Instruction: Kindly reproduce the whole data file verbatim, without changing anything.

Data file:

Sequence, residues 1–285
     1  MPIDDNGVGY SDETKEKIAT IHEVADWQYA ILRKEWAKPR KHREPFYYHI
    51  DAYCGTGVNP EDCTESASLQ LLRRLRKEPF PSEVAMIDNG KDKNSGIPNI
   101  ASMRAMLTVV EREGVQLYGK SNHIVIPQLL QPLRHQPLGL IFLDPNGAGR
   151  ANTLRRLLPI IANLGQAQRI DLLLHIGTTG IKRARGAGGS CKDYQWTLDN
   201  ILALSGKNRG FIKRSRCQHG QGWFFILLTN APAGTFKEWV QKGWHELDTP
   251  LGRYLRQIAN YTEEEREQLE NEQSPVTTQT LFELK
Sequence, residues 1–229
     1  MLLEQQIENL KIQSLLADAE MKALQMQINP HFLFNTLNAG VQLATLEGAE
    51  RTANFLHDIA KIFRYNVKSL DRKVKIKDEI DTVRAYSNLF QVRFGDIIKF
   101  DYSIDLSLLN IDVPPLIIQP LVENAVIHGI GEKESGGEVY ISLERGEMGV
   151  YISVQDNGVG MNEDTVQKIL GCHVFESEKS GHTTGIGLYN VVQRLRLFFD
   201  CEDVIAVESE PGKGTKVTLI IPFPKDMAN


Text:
Sequence, residues 1–285
     1  MPIDDNGVGY SDETKEKIAT IHEVADWQYA ILRKEWAKPR KHREPFYYHI
    51  DAYCGTGVNP EDCTESASLQ LLRRLRKEPF PSEVAMIDNG KDKNSGIPNI
   101  ASMRAMLTVV EREGVQLYGK SNHIVIPQLL QPLRHQPLGL IFLDPNGAGR
   151  ANTLRRLLPI IANLGQAQRI DLLLHIGTTG IKRARGAGGS CKDYQWTLDN
   201  ILALSGKNRG FIKRSRCQHG QGWFFILLTN APAGTFKEWV QKGWHELDTP
   251  LGRYLRQIAN YTEEEREQLE NEQSPVTTQT LFELK
Sequence, residues 1–229
     1  MLLEQQIENL KIQSLLADAE MKALQMQINP HFLFNTLNAG VQLATLEGAE
    51  RTANFLHDIA KIFRYNVKSL DRKVKIKDEI DTVRAYSNLF QVRFGDIIKF
   101  DYSIDLSLLN IDVPPLIIQP LVENAVIHGI GEKESGGEVY ISLERGEMGV
   151  YISVQDNGVG MNEDTVQKIL GCHVFESEKS GHTTGIGLYN VVQRLRLFFD
   201  CEDVIAVESE PGKGTKVTLI IPFPKDMAN